By Grant Pattison

Editor’s Note: A version of this article originally appeared on, The James Madison Institute’s website devoted to Florida’s history and culture.

There’s a certain aura about our country’s antebellum heroes that grants them an immortal presence. Senator Henry Clay of Kentucky, for example, is lionized by historians and biographers as “The Great Compromiser” and more than a dozen counties across the country bear his name, from “Clay County, Minnesota” to “Clay County, Florida.” William P. DuVal, on the other hand, has largely fallen into obscurity, a situation that Florida Southern College Professor James M. Denham seeks to correct in his latest book, “Florida Founder William P. DuVal: Frontier Bon Vivant.”

Over the course of two decades, Denham pieced together an unprecedented account of the life of DuVal, a man who was aptly described in this excerpt from the Florida Journal, dated 1841: “[His] appearance, whether waking or sleeping… indicates the cheerful, contented, happy man… Few are his superiors in the persuasive eloquence before a jury… He is the most popular man in the country… As a Statesman he is practical and shrewd – as a debater ready and strong.” Denham notes, however, that DuVal’s “sunny hues” would be taxed throughout his life as he orchestrated the development and statehood of the Florida Territory.

DuVal grew up in Richmond, Virginia, son of a Revolutionary War hero, Major William DuVal. For his service, Major DuVal received vast land grants in Kentucky, land that his sons would eventually call home and where a young William P. DuVal would make a name for himself as a brilliant lawyer. DuVal realized his political ambitions early, seizing the opportunity to run for one of Kentucky’s four congressional seats in 1812. DuVal won the race unopposed, but by this time war with England was all but certain. After the formal declaration of war, DuVal was appointed captain of the Eighth Regiment of Volunteers, also known as the “Yellow Jackets,” leading subsequent campaigns throughout Indiana to push back Indian forces supported by the British.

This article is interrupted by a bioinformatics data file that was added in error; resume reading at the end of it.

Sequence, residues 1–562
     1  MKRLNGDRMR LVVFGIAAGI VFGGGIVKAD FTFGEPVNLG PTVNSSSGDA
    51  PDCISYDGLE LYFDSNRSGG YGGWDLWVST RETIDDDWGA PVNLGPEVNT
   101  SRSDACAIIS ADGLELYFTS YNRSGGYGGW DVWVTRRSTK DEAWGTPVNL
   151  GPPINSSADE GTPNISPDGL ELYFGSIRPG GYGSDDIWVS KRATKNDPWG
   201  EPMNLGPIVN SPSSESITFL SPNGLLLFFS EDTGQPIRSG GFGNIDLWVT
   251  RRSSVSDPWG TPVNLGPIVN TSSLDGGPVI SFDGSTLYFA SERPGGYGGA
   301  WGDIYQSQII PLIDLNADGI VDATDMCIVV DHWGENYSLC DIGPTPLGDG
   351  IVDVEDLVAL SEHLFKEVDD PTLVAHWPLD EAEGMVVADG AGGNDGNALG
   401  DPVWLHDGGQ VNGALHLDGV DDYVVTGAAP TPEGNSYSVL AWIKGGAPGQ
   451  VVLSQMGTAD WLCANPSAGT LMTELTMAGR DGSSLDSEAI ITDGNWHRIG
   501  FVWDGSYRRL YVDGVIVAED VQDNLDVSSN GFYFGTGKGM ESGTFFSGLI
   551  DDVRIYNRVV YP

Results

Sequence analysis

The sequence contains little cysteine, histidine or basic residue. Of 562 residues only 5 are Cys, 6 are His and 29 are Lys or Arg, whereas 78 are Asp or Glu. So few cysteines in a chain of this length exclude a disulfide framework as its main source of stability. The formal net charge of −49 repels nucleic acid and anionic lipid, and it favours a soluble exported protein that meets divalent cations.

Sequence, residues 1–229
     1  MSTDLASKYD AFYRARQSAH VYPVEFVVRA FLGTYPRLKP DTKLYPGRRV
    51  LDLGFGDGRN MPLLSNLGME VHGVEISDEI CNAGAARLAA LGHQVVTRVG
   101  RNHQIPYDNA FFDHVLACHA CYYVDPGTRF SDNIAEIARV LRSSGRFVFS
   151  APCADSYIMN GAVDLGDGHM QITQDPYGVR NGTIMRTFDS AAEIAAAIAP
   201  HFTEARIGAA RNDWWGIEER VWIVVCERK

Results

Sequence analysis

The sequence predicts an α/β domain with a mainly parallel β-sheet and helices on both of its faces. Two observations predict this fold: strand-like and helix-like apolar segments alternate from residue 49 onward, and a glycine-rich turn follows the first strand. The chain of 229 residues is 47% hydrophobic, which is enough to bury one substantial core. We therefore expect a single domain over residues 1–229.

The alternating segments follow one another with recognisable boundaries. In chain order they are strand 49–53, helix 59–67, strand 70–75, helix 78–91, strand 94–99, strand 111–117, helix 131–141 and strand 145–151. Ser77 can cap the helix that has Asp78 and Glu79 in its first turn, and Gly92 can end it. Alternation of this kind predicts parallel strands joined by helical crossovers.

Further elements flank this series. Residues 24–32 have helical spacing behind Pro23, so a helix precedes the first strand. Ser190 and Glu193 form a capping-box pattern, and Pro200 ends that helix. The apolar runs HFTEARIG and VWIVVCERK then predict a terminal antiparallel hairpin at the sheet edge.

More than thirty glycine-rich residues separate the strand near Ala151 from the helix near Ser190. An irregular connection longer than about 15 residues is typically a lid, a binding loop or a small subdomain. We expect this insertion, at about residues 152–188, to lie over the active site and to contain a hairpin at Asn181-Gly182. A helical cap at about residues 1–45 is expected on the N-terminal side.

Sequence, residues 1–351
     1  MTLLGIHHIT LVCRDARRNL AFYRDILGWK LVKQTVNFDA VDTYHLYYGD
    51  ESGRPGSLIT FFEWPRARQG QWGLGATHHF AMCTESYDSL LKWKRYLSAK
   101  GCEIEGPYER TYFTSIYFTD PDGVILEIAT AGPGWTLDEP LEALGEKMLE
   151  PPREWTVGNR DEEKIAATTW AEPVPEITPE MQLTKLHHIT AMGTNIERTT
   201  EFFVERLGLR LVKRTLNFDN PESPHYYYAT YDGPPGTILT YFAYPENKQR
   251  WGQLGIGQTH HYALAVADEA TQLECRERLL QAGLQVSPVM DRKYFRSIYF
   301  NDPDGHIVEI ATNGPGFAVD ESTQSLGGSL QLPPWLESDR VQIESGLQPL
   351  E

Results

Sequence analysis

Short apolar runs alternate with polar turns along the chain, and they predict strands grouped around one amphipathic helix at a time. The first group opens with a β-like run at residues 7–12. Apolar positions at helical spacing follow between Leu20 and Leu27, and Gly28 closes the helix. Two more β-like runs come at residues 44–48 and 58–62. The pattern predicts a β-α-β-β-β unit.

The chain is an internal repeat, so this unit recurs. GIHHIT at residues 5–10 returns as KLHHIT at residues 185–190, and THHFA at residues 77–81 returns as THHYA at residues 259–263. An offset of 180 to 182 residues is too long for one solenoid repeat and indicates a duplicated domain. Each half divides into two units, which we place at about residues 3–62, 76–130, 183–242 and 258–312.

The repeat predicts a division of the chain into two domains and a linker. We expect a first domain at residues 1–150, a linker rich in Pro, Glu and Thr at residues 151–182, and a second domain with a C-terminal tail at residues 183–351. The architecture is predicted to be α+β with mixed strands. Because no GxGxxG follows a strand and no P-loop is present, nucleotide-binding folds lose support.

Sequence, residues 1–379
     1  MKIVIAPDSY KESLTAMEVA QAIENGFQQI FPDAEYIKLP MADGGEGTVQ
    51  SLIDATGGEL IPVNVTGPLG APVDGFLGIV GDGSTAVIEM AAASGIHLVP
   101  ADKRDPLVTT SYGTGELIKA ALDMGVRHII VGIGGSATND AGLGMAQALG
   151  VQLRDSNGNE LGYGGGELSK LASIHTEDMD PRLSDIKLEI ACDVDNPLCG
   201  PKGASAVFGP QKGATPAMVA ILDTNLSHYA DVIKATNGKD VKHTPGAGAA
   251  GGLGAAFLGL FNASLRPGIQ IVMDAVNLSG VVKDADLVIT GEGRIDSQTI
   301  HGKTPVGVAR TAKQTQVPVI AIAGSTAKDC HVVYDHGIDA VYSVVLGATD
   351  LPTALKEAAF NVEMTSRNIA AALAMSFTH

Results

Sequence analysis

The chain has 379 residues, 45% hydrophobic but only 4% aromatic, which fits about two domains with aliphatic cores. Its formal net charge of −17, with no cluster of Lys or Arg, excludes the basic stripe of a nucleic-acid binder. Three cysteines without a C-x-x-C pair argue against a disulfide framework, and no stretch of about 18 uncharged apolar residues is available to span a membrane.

Eventually finding his way to Washington, D.C., DuVal began his first Congressional session May 24, 1813, along with more than 50 percent of the other first-time delegates. In his first session, DuVal used his charm to network with some of the nation’s greatest leaders, like the “brilliant, stern, taciturn, and inflexible South Carolinian” John C. Calhoun. The duo quickly made a name for themselves in the House, at one point opposing President James Madison and his proposed embargo against Britain. He took a stand even though the measure was popular among Kentuckians, including fellow native and political-heavyweight Henry Clay. DuVal and Calhoun would lose the embargo vote, but they did gain an important victory by pushing much-needed draft legislation through the House. The bill called on “80,000 men” to join the war effort, but before they could be commissioned, the fledgling Congress was granted a miracle.

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Grant Pattison is a graduate of Florida State University and former intern with The James Madison Institute.